More and more companies and companies are doing greenwashing. But what does that even mean; green washing? What is behind it and how can you unmask these companies? We present 10 well-known cases of typical greenwashing here and give you tips to better recognize the tricks of marketing.
Definition of "greenwashing" and the seals
Greenwashing means that a product is advertised as sustainable and ecological, even though it is not as sustainable as described above. Companies want to use this to improve their ecological image. They often spend more money on advertising than on production or material.
Garments are then often presented as recycled or sustainable, even if, for example, only 10% of the material consists of recycled fabrics and 90% of the garment does not. After all, the use of organic cotton, for example, does not make clothes sustainable per se.
Due to company seals or seals that hardly carry out any controls, it is often very difficult for consumers to understand whether they have fallen into the greenwashing trap or not. To remedy this, there is now a seal app that explains the various seals.
Another problem is that certain terms are simply freely usable and there are no restrictions. For example the words “sustainable” and “natural” or also “ecological” and “biological”. Only the words "eco" or "organic" must be subject to certain standards. Every company or brand can describe itself as environmentally friendly, sustainable and ecological, even though they are not. With this wording, sustainability is not only a social development, but also becomes a marketing strategy.
Of course, there are also more and more ethical and sustainable companies that not only advertise with it, but also act in a really environmentally friendly way. The best way to find out is to look at the brands' websites for facts and figures about materials, production and working conditions. Anyone who runs their business sustainably usually also relies on transparency. If you are unsure, google the company or brand and the word “sustainability”. There are often independent posts on the companies that reveal more.
So greenwashing means promoting a product for reasons of profit that it is more sustainable than it really is. But when can we start talking about greenwashing? There are certain frameworks and methods by which the phenomenon can be seen.
- If the core business itself is environmentally harmful (e.g. cruises, coal mining, fast fashion)
- more money goes into advertising than is spent on environmental protection (e.g. Krombacher)
- Lobbying is carried out in order to circumvent environmental and nature protection. So influence politics.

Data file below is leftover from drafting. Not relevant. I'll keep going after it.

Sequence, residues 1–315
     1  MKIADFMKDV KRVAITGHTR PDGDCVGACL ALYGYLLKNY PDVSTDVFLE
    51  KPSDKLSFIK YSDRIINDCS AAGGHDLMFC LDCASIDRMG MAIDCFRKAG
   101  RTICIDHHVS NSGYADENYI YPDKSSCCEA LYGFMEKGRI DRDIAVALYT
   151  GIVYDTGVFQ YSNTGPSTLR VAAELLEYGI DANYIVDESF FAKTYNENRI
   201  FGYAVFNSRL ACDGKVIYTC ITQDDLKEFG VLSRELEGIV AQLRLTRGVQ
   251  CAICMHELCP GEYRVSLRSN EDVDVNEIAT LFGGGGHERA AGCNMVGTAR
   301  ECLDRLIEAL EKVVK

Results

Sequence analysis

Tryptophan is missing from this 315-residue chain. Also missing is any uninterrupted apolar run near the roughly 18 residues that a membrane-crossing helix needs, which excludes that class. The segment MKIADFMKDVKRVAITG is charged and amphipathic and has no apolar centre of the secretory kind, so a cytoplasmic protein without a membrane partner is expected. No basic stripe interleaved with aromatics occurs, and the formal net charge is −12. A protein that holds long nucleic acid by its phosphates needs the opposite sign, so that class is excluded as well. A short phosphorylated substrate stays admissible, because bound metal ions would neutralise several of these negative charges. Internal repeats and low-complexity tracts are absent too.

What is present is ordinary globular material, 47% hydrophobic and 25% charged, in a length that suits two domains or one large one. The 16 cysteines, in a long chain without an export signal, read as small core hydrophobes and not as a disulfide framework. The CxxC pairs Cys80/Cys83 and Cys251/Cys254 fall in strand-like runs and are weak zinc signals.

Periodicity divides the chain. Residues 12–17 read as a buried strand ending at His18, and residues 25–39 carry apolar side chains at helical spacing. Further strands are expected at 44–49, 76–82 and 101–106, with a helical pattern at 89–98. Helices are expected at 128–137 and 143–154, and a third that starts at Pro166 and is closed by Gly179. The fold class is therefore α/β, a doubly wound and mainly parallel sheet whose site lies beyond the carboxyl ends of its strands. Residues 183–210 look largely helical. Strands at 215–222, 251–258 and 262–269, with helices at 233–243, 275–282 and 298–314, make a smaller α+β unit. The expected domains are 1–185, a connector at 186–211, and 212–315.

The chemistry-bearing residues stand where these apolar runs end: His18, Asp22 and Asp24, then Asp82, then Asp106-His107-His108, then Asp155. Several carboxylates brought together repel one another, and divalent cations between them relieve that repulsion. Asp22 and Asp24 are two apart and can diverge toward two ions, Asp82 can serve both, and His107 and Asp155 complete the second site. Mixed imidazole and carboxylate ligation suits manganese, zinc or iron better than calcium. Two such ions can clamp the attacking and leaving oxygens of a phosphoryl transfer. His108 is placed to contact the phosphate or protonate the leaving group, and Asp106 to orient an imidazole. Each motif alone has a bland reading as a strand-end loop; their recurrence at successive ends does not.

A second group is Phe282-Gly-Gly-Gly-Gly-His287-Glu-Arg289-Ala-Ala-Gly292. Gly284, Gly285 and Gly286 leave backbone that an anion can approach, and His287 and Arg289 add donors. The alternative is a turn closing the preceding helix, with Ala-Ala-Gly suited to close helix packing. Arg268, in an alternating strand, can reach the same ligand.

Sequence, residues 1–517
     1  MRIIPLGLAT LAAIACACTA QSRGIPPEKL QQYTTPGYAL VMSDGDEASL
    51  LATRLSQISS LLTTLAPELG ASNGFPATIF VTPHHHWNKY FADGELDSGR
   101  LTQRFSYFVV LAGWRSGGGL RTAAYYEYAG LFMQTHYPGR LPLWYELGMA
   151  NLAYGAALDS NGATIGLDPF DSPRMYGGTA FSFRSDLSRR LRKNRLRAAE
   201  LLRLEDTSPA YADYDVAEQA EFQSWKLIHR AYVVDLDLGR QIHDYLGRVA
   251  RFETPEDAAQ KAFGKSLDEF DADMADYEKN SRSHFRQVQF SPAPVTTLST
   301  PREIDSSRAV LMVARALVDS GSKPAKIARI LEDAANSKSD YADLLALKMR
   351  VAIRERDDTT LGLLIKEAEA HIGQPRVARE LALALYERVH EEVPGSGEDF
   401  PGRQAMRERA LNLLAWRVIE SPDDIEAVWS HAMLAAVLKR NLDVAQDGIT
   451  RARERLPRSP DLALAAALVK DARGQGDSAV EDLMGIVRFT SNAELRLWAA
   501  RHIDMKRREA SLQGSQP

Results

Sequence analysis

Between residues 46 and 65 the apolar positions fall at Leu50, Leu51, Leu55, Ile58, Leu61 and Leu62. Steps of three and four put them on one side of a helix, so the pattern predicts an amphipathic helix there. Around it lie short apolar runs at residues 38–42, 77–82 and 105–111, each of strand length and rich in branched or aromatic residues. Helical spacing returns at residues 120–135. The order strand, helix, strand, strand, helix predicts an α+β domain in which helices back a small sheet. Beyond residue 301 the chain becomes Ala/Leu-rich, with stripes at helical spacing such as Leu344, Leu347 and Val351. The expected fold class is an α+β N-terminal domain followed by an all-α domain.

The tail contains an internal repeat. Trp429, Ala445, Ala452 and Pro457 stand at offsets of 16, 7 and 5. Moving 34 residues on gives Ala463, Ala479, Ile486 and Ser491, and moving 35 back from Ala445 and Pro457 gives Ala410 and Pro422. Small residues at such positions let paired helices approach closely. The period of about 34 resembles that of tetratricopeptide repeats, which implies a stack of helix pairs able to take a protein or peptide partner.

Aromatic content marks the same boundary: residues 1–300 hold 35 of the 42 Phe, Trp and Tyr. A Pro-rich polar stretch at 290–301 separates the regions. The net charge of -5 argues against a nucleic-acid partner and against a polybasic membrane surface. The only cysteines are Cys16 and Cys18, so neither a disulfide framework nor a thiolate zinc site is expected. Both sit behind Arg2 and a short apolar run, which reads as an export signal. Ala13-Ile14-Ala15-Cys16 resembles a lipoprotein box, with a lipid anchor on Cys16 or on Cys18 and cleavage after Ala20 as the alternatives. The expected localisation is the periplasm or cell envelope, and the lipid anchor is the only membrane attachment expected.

- Is advertised with self-evident (e.g. simply comply with laws and regulations and advertise with it)
There are many different methods of doing greenwashing. Here we have worked out the most common ones for you.
- Highlighting features that are environmentally friendly but of little importance in the face of other dirty product attributes. (e.g. the green Bahncard, which advertises green electricity. Long-distance trains now run on 100% green electricity – which is great – but the majority of the rail network, namely local transport, continues to be operated with coal-fired electricity).
- Specification of an environmentally friendly attribute without evidence and use of vague formulations (e.g. natural flavors and green as an environmentally friendly description of a product, even if it is not environmentally friendly and is glossed over with these words without verifiable certification).
- Emphasizing a correct but completely irrelevant product characteristic. (e.g. aerosol cans that are advertised with the imprint “CFC-free”, since this substance has long been banned in Germany).
- Statements of environmentally friendly characteristics that are false (e.g. false seals, such as the "organic certified" seal, although this seal does not officially exist and is therefore not subject to any regulations or controls).
- Products with a green tinge that are still harmful (e.g. glossing over products that are harmful to the environment, such as organic meat).
But why do companies decide to do greenwashing in the first place?
There are definitely advantages for the company to follow the trend towards more sustainable management. Firstly, it allows them to enhance the brand's image. Because in times of Fridays for Future and global warming, sustainable consumption is becoming more and more present. People want to have a clear conscience when consuming and that's exactly what companies want to give them. In addition, this can legitimize a higher price for products and thus increase profits. The willingness of customers to pay increases as soon as they think they are doing something good by buying that product compared to conventional products. The last two advantages relate primarily to political and economic advantages. There are weaker regulations if it is made credible that certain standards are voluntarily complied with. Politicians may react “more generously” to this with certain regulations. They are less strictly controlled and can thus unofficially break or circumvent climate protection regulations.